Thursday, December 20, 2018

The Good Kind of Bad


I doubled up on my Wrong Words Day post and included it in Facebook. One of the comments from a colleague of mine:

“It’s also just fun to “be bad” without fear of persecution. I’m sure the kids in your class very much appreciate you giving them that opportunity and it sounds like they respond in-kind. Bravo!”

I knew the writer and knew he understood me thoroughly. But then I worried, “What if another reader thought I was giving full-tilt permission to be bad?” And then I wondered whether that’s what happened to our fake President when he was a kid. The teacher told him it’s cool to sing the wrong words to everything and he never needed to learn the right ones. That he could just shout and scream the song instead of learning how to sing beautifully and in-tune.

So just to be clear. There’s a good kind of bad and a bad kind of bad. In the good kind of bad, no one gets seriously hurt and the person who’s enjoying the bad behavior also knows the value of the good. Perhaps “naughty” is a better word than bad, a little mischievous twinkle-in-your-eye kind of action that keeps you from being a boring goody-goody all the time.

The bad kind of bad hurts people and often intentionally to puff yourself up and for your own profit or gain. You get so you excuse it and smirk about it and find all the ways to spin it so that you can sleep at night thinking you’re doing it for some righteous purpose when it fact it’s just because you’re a jerk and you get off on putting others down. Sound like anyone you know? And I’m not talking one person here— I’ve got a long list and I don’t need to check it twice because it’s perfectly obvious who’s naughty and nice.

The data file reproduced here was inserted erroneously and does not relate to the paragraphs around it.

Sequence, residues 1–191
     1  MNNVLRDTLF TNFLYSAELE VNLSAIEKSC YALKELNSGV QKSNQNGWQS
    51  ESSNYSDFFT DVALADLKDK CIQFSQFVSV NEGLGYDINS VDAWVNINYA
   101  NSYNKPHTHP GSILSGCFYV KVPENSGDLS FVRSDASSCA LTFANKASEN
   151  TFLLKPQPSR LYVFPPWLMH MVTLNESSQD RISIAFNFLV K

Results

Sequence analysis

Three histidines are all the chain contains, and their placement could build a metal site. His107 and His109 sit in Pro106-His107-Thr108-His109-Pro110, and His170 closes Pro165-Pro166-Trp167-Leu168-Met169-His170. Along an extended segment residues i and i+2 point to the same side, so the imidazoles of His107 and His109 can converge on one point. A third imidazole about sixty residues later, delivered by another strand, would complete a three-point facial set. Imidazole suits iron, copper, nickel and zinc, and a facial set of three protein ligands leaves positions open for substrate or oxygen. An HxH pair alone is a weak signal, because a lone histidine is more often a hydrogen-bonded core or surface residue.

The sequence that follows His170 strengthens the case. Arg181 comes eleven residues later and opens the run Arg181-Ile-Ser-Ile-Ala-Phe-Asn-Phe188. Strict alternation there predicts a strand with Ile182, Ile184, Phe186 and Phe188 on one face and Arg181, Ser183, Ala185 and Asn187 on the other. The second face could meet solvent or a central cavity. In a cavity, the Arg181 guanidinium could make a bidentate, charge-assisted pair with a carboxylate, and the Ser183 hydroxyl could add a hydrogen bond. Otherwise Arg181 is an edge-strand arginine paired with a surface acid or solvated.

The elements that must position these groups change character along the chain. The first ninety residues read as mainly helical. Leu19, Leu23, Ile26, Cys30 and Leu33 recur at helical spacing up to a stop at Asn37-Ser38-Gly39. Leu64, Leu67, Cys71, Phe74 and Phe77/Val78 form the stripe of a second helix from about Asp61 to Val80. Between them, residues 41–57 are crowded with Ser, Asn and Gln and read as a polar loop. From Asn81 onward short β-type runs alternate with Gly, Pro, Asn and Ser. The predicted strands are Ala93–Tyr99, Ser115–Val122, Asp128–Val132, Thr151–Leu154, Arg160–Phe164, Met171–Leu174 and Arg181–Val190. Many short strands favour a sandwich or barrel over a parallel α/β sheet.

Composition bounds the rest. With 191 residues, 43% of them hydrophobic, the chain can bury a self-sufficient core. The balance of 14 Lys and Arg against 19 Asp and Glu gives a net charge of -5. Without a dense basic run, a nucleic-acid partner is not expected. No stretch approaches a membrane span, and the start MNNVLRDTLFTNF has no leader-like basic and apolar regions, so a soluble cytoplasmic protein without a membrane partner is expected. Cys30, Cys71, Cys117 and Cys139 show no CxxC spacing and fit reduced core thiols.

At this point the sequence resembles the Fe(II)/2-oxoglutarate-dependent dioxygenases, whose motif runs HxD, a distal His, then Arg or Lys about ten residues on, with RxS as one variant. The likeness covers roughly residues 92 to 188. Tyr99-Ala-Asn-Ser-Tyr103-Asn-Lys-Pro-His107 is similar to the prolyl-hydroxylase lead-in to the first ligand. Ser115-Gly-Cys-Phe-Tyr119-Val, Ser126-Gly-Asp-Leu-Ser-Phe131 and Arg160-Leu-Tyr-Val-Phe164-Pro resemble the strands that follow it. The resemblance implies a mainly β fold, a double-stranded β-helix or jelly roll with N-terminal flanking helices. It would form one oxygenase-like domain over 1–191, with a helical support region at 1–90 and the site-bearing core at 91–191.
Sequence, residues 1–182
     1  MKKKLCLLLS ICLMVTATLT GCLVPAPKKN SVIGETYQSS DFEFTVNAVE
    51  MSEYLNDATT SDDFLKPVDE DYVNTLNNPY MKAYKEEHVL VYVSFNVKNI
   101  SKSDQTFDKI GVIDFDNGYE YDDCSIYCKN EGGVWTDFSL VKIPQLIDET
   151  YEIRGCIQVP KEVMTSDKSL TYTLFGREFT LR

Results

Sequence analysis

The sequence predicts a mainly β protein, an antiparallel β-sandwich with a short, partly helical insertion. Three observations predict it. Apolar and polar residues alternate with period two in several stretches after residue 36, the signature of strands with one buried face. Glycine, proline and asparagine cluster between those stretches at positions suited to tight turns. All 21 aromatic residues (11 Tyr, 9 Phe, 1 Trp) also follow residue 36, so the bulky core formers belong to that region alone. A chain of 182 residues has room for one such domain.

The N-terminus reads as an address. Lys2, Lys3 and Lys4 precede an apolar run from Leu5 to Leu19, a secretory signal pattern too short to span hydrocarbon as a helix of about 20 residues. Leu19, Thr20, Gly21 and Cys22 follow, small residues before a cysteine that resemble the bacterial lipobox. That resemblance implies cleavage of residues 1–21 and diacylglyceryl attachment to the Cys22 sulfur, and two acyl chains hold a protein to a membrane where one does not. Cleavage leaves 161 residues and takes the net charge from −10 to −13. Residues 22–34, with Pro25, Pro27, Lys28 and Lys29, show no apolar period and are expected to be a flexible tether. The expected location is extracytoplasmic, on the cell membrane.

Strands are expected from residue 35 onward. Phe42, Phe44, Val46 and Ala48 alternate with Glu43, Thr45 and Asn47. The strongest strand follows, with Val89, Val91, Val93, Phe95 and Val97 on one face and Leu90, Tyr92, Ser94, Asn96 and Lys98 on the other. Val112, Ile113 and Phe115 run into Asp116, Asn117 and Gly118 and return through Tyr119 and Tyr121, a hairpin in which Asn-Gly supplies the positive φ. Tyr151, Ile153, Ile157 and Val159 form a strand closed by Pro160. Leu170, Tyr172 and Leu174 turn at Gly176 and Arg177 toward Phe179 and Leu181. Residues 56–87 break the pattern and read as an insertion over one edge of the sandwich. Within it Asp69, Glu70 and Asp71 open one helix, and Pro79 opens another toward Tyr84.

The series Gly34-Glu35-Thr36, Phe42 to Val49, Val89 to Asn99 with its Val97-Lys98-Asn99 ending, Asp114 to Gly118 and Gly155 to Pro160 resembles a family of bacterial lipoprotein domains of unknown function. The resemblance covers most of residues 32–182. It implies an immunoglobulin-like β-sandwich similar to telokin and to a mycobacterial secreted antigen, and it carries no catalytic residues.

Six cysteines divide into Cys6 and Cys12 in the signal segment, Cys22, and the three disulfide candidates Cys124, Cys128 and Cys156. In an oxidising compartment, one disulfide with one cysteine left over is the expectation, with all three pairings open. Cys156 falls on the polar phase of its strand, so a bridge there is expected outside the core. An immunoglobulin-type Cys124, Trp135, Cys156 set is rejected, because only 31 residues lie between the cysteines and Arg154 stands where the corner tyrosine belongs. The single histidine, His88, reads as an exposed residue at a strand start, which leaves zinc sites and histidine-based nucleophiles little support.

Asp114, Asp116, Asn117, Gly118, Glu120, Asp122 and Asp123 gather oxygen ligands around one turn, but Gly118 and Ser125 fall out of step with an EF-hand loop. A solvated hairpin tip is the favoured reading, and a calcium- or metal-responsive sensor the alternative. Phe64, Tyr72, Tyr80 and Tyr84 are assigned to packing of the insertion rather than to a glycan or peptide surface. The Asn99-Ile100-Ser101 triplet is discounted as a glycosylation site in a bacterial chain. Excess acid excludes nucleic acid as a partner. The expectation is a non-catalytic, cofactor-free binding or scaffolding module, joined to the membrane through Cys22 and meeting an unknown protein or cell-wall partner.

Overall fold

If these folks were in my music class as kids, they might have had a great time on Wrong Words Day and that’s fine with me. But the other 174 school days, I’d need to work hard to help them discover that there’s a generous, kind soul somewhere inside them and our mutual work is to find where it’s hiding and coax it out and recognize it when it does appear— helping another kid learn a melody, singing the right words with an angelic voice, really owning one’s part as the Evil King in the play and then being nice at the cast party. I’ll never know if I would have or could have made a difference in those people’s life, but this I know—I should have tried if I had had the opportunity.

And so should we all. Wishing you all a touch of harmless naughtiness and a whole lot of helpful nice.

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